Thursday, October 14, 2004
Spoken Destinies & Learned Behaviors
"I just HAVE to keep moving and making noise! That's what my mom says." I heard these words with my own ears. What was more surprising to me was the realization that this 10-year-old boy had taken his mother's observation and turned it into an assignment. Moms and Dads, be careful that your idle comments and observations do not become "spoken destinies" as this mom's had. Children will learn to behave exactly as you say you want them to, as this boy had done. Unfortunately for this family, the words were not intended to express an expectation of the future, but just to be a summation of past experiences.
"'Turn at the red flowers' -- that's an ADHD-marker." Why was it not considered simply "being aware of one's surroundings" or "noticing a landmark" since the street sign was missing? It seems apparent that the family responsible for this remark expects ADHD-type behavior and watches for any little sign that can be attributed to it. Never mind the fact that the same boy who knows the turn is marked by red flowers also can sit calmly during an entire 2-hour movie without a wiggle, and he can focus intently on a subject of his own choosing. It seems to me that this student has incredible powers of concentration -- powers that simply need to be taught how to focus on different subjects at different times.
A dear "church lady" told me the following story in order to teach me, a new mom, a thing or two about raising my children. She had been the babysitter for many children over many years and had learned much wisdom in the process. I greatly appreciated her insight and put it to use as often as possible. She had one particularly ingenious little boy in her care at the time and had caught him trying to reach the cookie jar by climbing on a kitchen chair that he had pushed over to the counter in order to facilitate his endeavor. When she had removed him from the chair and replaced the chair at the kitchen table, she told him, "Do not push that chair over there again." A few minutes later, she realized her error as she heard an extended scraping noise and concluded that he was pushing a chair from the dining room all the way into the kitchen. The woman made sure I understood that this boy was not being disobedient -- he was doing exactly according to her command. The error was, in fact, hers for not telling him all chairs, stools, and other climbable furniture were not to be used; the cookie jar was off limits.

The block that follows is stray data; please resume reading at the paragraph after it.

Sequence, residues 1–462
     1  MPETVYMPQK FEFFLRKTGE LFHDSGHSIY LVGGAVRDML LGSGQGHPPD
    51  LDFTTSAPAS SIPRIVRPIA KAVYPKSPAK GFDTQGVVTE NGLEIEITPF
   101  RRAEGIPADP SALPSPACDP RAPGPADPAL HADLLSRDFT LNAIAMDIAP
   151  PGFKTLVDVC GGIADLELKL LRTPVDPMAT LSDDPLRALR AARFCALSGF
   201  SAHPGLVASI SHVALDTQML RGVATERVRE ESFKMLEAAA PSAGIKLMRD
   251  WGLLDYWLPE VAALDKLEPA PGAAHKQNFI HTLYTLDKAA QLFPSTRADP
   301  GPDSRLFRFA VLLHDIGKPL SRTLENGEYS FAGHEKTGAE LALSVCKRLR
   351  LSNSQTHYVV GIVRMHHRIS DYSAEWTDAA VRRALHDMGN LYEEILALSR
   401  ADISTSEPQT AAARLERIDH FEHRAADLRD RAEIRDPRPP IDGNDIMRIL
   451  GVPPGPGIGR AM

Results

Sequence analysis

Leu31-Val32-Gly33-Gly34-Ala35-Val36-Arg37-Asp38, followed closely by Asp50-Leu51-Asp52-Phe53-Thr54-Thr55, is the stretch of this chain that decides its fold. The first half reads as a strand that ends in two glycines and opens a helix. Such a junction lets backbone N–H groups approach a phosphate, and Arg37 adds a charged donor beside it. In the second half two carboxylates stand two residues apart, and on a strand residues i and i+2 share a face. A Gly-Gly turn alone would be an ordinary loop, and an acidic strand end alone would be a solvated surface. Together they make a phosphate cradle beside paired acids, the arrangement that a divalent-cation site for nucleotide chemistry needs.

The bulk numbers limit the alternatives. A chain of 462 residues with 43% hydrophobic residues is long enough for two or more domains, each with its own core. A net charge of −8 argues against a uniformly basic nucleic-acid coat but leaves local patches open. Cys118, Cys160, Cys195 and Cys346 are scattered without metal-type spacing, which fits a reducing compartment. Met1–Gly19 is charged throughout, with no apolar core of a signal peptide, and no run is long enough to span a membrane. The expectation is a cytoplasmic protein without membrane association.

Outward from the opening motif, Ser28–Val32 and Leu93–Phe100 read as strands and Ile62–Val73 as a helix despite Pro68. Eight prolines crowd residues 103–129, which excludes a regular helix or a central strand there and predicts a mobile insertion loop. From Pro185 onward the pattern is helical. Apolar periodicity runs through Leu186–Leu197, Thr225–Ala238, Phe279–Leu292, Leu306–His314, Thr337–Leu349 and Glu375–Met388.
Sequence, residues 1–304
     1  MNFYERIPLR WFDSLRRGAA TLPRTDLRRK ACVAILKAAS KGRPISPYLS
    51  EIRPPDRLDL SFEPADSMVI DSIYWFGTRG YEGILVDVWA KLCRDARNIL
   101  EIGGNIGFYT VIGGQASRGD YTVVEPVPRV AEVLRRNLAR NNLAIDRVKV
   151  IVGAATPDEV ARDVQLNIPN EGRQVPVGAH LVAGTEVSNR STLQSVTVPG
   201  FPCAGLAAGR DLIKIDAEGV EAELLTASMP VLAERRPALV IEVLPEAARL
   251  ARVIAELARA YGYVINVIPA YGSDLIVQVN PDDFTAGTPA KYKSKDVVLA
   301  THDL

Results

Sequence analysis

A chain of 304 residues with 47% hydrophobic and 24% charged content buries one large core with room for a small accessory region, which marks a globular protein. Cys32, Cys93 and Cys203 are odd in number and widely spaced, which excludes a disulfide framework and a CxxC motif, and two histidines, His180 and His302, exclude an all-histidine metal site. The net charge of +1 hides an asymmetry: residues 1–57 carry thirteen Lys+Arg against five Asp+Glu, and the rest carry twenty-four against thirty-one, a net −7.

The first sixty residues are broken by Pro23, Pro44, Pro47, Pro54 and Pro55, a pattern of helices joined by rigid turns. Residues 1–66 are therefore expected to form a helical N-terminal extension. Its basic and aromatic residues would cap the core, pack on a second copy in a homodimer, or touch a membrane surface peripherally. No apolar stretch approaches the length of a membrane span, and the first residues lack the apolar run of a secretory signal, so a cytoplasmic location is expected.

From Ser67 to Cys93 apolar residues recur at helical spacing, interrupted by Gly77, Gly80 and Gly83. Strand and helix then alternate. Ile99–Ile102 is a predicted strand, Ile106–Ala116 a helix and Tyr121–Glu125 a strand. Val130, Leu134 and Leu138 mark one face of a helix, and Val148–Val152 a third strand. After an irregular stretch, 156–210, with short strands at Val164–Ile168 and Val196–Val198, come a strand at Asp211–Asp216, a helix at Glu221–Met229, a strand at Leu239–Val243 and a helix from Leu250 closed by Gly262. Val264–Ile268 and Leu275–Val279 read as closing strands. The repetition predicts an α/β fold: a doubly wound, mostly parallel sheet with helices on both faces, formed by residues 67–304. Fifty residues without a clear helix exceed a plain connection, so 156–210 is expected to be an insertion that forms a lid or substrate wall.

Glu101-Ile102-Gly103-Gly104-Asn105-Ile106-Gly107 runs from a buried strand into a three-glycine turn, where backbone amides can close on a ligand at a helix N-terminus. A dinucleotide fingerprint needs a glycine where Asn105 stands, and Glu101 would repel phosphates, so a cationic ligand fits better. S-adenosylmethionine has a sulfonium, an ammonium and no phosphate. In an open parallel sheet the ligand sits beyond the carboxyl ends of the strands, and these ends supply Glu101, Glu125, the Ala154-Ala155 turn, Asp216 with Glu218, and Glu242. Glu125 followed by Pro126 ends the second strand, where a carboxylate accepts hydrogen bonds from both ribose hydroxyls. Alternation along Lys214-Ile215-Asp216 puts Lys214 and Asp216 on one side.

I had a similar experience in a college computer-programming class. My program would not run corrrectly, and after much frustration I finally turned to the teacher for help. He took one quick glance at my notes and smiled, saying, "Machines are stupid. They can only do exactly what you tell them to do." I checked back through the program and soon found my error -- I had told it to do the wrong thing, and the machine was merely obeying my commands.
The point of these seemingly unrelated stories is that we need to be cautious of our words and our actions, lest they work against us. Although our children are not machines and are not "stupid," they are to a certain extent "programmable" and can be heavily influenced by our words. We can unknowingly, unintentionally fight against our own best plans by simply tossing about a few careless phrases. Our words are like bricks: they can build up great fortresses or they can become weapons of random destruction. A few well-chosen, positive words can do wonders for our children's behavior and attitudes. Words of confidence can instill hope in a child and the strength to try a difficult task one more time, the time that results in success.
Posted by Carolyn M @ 9:27 AM |